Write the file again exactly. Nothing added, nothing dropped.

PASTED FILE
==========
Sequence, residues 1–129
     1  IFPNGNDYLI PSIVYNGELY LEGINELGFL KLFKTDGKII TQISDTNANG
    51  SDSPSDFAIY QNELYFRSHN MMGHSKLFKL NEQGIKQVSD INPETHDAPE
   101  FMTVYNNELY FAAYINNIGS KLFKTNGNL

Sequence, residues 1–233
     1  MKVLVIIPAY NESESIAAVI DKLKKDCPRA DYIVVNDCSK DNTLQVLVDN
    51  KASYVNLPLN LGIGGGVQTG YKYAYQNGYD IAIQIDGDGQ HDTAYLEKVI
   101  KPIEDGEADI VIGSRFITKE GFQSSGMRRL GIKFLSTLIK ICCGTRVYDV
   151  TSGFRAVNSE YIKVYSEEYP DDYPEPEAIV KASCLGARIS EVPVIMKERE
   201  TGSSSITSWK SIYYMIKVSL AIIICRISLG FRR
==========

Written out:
Sequence, residues 1–129
     1  IFPNGNDYLI PSIVYNGELY LEGINELGFL KLFKTDGKII TQISDTNANG
    51  SDSPSDFAIY QNELYFRSHN MMGHSKLFKL NEQGIKQVSD INPETHDAPE
   101  FMTVYNNELY FAAYINNIGS KLFKTNGNL

Sequence, residues 1–233
     1  MKVLVIIPAY NESESIAAVI DKLKKDCPRA DYIVVNDCSK DNTLQVLVDN
    51  KASYVNLPLN LGIGGGVQTG YKYAYQNGYD IAIQIDGDGQ HDTAYLEKVI
   101  KPIEDGEADI VIGSRFITKE GFQSSGMRRL GIKFLSTLIK ICCGTRVYDV
   151  TSGFRAVNSE YIKVYSEEYP DDYPEPEAIV KASCLGARIS EVPVIMKERE
   201  TGSSSITSWK SIYYMIKVSL AIIICRISLG FRR